In the 1990s, a progressive California music teacher named Randy Porter instituted a program with his grades 4, 5, and 6 students that was centred on combining improvisational and composed music. The results would have been interesting on their own, but with the participation of notable visionary guest instructors—including player-composers Sun Ra, Terry Riley, Fred Frith, and Dave Gordon—the outcome was elevated to the level of fascinating.
The recordings from this program were given limited release at the time, and have now been reissued as The Oakland Elementary School Arkestra’s The Saga of Padani, with extensive liner notes and a Sun Ra Interplanetary Activity Book that includes colouring pages and crosswords.
The intention of the program was to get the children to connect with music on a visceral, fun level by removing the strict traditional methods that are so often used in elementary-school music education. Apart from a handful of Sun Ra covers, The Saga of Padani is original music created by the kids on their own or with the guidance of Porter or the guests.
Is it always listenable? To be honest, it sometimes sounds like Portsmouth Sinfonia, the 1970s ensemble that paired untrained amateurs with professionals playing instruments they had no familiarity with, which sometimes had comedic results. (Brian Eno played clarinet in the group and produced its first two albums.) Yet, if the tracks on Padani are sometimes funny, they’re always imbued with the joy of creative expression rather than the novelty factor.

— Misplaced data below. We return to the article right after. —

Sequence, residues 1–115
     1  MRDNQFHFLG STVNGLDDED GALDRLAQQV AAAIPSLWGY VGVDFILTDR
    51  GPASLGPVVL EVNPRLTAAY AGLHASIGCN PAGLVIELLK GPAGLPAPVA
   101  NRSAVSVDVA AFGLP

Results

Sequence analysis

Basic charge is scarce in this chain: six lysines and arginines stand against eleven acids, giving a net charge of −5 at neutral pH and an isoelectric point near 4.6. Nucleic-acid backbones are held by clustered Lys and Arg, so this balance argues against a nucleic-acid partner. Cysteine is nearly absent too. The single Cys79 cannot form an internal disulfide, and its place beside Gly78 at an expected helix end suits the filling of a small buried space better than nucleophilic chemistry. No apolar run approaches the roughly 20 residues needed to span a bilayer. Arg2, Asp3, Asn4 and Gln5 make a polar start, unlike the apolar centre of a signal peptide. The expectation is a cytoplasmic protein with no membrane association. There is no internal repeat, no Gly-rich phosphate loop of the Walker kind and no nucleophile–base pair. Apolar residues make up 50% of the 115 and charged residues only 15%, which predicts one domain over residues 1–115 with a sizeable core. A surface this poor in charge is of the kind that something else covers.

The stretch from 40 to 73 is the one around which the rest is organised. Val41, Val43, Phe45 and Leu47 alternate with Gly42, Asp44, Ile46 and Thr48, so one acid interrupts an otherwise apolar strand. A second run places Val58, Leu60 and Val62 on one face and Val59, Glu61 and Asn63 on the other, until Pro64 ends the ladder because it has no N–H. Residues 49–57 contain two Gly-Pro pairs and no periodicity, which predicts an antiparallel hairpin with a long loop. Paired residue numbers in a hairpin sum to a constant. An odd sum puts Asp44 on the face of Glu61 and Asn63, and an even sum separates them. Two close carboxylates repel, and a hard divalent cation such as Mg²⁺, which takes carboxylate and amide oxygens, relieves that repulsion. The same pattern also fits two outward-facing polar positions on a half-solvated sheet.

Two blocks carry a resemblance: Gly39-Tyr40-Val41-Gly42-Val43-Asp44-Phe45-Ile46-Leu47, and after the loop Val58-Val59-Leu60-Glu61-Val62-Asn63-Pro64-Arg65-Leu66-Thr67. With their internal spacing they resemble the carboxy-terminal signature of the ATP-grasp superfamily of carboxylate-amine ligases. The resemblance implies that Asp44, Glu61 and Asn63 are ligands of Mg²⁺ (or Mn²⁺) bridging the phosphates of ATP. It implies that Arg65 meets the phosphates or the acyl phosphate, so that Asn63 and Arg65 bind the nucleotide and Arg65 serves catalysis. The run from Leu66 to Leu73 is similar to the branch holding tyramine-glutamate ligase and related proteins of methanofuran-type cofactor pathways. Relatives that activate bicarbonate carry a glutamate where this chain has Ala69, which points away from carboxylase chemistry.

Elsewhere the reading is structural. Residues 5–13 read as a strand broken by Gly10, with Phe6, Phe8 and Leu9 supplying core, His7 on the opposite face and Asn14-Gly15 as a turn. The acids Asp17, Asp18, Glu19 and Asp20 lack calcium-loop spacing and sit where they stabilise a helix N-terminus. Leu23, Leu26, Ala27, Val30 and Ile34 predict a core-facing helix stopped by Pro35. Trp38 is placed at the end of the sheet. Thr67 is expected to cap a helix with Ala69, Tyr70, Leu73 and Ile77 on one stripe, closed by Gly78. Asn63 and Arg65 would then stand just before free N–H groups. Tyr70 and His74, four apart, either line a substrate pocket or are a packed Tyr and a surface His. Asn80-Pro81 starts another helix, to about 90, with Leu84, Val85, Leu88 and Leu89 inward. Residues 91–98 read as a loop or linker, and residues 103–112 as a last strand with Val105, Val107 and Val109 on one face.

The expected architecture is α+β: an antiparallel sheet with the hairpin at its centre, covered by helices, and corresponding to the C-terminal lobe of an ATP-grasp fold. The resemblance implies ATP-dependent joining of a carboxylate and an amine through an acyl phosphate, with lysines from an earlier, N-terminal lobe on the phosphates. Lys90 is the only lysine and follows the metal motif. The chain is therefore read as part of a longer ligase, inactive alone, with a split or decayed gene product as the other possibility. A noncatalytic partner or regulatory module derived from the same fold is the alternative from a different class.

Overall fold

The stylistic range is wide: there’s free jazz in “Cluck,” intergalactic marching bands on “Love in Outer Space” and “The Rhythm Czar,” and an avant-garde percussion excursion on “The March of the Termites,” while the Frith-led “Excuse Me, Ms. Steigerwald” picks up a school-intercom announcement during recording. Terry Riley guides North Indian classical Mixolydian choral counterpoints on the title song and a minisymphony of flute and squeaking classroom door on “Out the Windoor.”
There is a real spark and spirit on these recordings, a breaking of boundaries that would serve well as an example for today’s school music programs.